It is interesting to note that when financial reports show a remarkable increase that is utterly due to unrepeatable events there is little said about what a poor indicator those reports will be of future performance. However, Cameco's president has said it well about how the problems they've had this quarter are a poor indicator of how their company will ultimately perform.
"Since Cameco's quarterly results vary significantly, comparing today's results to a remarkably strong first quarter last year is a poor indicator of future performance," said Jerry Grandey, Cameco's president and CEO."
EPS was 17c this quarter, about half compared to last year. It appears that Mr Grandey is suggesting earnings for the year should be in the $1.25-$1.50 range, but I haven't looked closely enough to really understand what he said with, "We expect our consolidated annual revenue to grow by nearly 50 per cent in 2007."
Cameco is in a position to really take advantage of the uranium bull when they get their flooded mine operational again. Whether that bull has the potential to meet their premium price of $52.58/share right now would require a careful analysis of their operations. Their price has jumped from about $36/share, 46%, last fall when I first looked at Cameco when their mine flooded. That is creation of about $6 billion of market cap. Revenues for Q1 2006 to Q1 2007 fell from $542 million to $409 million. Over a year it works out to about $2 billion in revenue for an $18.4 billion, without dilution, market cap company.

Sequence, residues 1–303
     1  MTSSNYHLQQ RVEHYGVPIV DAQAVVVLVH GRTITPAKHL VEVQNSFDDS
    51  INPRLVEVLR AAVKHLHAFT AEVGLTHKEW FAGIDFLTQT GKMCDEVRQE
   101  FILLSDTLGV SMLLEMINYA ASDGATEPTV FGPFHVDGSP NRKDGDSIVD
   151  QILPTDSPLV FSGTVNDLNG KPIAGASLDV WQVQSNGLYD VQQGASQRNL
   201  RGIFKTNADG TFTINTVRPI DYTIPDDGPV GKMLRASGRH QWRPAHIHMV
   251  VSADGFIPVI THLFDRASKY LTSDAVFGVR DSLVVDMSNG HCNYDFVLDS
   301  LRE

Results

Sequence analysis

Uranium has definitely moved into bubble valuations for many companies, and many will plummet taking investors life saving with them. Right now it appears there is a lot of future valuation built into Cameco.
It would really require careful analysis to evaluate Cameco's potential. Because they are a producer, they are morely likely to actually make a lot of money on the uranium bull, however, supporting a market cap of $18.4 billion is a pretty tall order. Uranium is different from many other metals in that the approval process to build a new mine takes a lot more time, so it is likely it will take a long time for supply to balance out with demand, giving producers an incredible opportunity to make a lot of money. However, an unsustainable amount of money has poured into uranium stocks.
Tread carefully with this one and do some serious homework. $18.4 billion is a lot of market cap to support. It is likely 2008 earnings will go up as well, but this one is being valued at a P/E of 70 today. Catching up is a tall order.